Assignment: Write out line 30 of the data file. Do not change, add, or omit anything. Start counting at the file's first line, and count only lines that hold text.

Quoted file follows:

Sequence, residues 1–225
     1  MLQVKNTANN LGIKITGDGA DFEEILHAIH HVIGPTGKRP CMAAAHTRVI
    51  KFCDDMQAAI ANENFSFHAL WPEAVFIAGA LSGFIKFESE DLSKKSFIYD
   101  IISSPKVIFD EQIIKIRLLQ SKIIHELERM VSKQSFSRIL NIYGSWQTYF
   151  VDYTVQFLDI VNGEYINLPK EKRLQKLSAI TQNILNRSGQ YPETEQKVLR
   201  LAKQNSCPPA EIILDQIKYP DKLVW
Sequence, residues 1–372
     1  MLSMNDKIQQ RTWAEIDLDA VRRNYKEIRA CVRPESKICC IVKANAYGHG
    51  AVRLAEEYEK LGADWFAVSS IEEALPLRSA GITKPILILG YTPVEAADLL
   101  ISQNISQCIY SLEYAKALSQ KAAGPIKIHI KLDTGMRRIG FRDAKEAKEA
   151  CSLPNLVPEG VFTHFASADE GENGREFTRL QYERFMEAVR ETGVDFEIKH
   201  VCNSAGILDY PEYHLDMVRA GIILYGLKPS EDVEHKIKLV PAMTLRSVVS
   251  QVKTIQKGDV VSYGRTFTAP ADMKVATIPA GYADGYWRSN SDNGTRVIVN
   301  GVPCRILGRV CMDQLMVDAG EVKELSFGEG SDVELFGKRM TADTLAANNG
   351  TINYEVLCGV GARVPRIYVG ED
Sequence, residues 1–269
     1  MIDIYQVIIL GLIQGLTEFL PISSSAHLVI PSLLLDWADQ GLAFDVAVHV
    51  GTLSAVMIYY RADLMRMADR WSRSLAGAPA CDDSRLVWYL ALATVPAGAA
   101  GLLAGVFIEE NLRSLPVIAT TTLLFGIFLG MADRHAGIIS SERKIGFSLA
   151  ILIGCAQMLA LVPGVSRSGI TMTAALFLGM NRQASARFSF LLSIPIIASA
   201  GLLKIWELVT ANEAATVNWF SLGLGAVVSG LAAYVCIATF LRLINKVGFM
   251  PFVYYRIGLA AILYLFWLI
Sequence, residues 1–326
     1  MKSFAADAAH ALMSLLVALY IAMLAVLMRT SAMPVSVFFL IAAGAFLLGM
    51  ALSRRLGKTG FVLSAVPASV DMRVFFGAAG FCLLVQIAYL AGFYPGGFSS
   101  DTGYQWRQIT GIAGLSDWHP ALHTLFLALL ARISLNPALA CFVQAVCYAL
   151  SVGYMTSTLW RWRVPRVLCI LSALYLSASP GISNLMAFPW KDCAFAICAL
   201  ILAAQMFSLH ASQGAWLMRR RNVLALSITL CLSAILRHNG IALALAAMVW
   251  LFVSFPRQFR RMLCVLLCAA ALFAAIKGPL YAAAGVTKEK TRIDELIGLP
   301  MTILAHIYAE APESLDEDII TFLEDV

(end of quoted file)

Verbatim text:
   301  MTILAHIYAE APESLDEDII TFLEDV